Sugar industry moving towards mechanized harvesting Print E-mail
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Thursday, 27 April 2017 00:00

The sugar cane industry in Belize is at a crossroads. In October, 6 months from now, Belize and the other African Caribbean and Pacific (ACP) Countries will no longer get the benefit of preferential status at the world market place for sugar. That means that European beet sugar producers will be able to compete directly with Belizean sugar cane farmers.

These European sugar beet producers are able to produce high quality sugar at a much higher rate of efficiency and lower cost. This makes their product a lot more viable and competitive on the world market, and it also makes the industry from which European Country these beet farmers come from more resilient to whatever dip the global price of sugar takes.

That’s because their farming practices are very modernized, so that their industry’s cost effectiveness allows for better profit margins at any price point. Cane farmers in the north have been doing a lot over the recent years to improve their outputs. They’ve been working on improving cane quality, growing better crops, and reducing costs in different aspects of cultivation. There is even the Sugar Industry Management Information System (SIMIS), which carefully maps out all the cane fields in production.

One technique which is slow to pick up traction among the cane farming community is mechanized harvesting. The experts at the Belize Sugar Industries Limited believe that this is the future of the industry. Currently, most of the cane that is delivered to the mill is hand cut by labourers using machetes. That’s known as manual harvesting, though it is deeply rooted in the traditions of cane farming in the north, it is not very cost effective. BSI has been promoting mechanized harvesting as its replacement, but the farmers still have not bought into the idea as yet.

For the 2016-2017 crop season, BSI has been hosting a mechanical harvesting pilot project and 37 farmers signed up to be a part of it to test out the more efficient way of getting the cane to the factory. In the pilot project, 28,681 thousand tons coming from 250 fields belonging to these farmers will be cleared using mechanical harvesting.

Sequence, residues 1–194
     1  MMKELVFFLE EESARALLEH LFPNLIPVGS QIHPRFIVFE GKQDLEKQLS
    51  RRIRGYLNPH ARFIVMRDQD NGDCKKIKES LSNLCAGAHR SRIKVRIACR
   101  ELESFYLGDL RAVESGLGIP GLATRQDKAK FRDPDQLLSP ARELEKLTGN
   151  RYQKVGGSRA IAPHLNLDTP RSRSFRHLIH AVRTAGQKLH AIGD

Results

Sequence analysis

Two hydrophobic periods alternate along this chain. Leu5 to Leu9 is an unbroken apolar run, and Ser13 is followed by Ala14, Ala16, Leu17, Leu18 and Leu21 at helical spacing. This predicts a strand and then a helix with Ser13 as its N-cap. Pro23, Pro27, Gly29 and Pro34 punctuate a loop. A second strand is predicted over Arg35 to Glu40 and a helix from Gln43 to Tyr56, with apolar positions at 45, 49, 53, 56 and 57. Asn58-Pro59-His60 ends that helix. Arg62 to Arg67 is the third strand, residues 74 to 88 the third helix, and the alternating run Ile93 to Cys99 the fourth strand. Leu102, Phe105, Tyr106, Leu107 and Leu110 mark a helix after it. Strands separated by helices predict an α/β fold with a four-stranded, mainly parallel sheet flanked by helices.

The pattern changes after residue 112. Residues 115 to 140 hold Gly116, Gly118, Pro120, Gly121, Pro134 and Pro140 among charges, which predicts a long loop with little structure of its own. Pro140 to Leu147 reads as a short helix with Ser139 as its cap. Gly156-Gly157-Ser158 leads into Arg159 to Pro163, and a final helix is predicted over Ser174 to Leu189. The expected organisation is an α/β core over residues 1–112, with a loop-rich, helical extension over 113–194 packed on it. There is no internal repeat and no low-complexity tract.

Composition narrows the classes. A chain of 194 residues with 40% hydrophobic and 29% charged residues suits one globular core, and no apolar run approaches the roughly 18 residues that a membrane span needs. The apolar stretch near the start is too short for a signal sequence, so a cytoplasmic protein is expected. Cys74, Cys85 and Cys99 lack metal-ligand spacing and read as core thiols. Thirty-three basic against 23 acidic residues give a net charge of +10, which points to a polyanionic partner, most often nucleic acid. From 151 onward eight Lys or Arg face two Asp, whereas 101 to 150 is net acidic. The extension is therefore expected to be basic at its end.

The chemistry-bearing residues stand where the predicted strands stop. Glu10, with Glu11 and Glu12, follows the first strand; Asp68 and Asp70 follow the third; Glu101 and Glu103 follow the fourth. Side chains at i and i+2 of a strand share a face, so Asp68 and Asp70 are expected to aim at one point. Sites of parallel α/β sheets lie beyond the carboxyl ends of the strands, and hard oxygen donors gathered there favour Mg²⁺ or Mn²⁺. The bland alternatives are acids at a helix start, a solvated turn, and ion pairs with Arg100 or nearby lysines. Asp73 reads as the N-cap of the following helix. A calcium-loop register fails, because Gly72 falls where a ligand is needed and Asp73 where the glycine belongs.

To qualify, each farmer had to express interest to participate in the project, and then careful site inspections were done of each field that was chosen. They had to ensure that their fields were clean of harmful materials such as rocks or tree stumps. This is to make sure that the hydraulic blades of the mechanized harvester aren’t damaged. Also, the fields must be leveled, and the rows of cane must be planted a particular distance apart to ensure that the harvester’s blades can pass over them properly, and cut each cane stalk properly.

Once these conditions were met BSI and the field owners signed contracts to be a part of the program, and at this time, each farmer is averaging $6.38 in savings per ton. Collectively, these farmers will save $205,000, and they stand to make more savings because in manual cutting there is always a small percentage of cane that is lost during the harvesting phase. Mechanical harvesting cuts down on the amount of cane lost, and that is also more money in the pocket of the farmers. It is also beneficial to the mill because the cane is cleaner and goes to grind with less mud and other extraneous matter that increases wear and tear on the grinding equipment.

It is also healthier for the environment because green harvesting cuts the need for slash and burn. Green harvesting also preserves the soil’s nutrients, which makes replanting on the same land easier. Mechanical Harvesting is also very quick to clear a field of cane that needs to be harvested. A harvester can cut 38 tons of cane in an hour, which means whenever there are wildfires (or maliciously set fires) which affects a farmer, that cane can be quickly harvested. The quick procedure allows for the farmer’s investments in his field to be saved before degradation and losses start to affect the product.

Those at BSI believe that changes to agricultural practices like this need to happen to ensure that Belize’s sugar industry survives. The hope is that these 37 farmers will encourage their colleagues within the farming community to adapt, so that sometime soon, it becomes part of the industry’s standard.

Last Updated on Thursday, 27 April 2017 14:40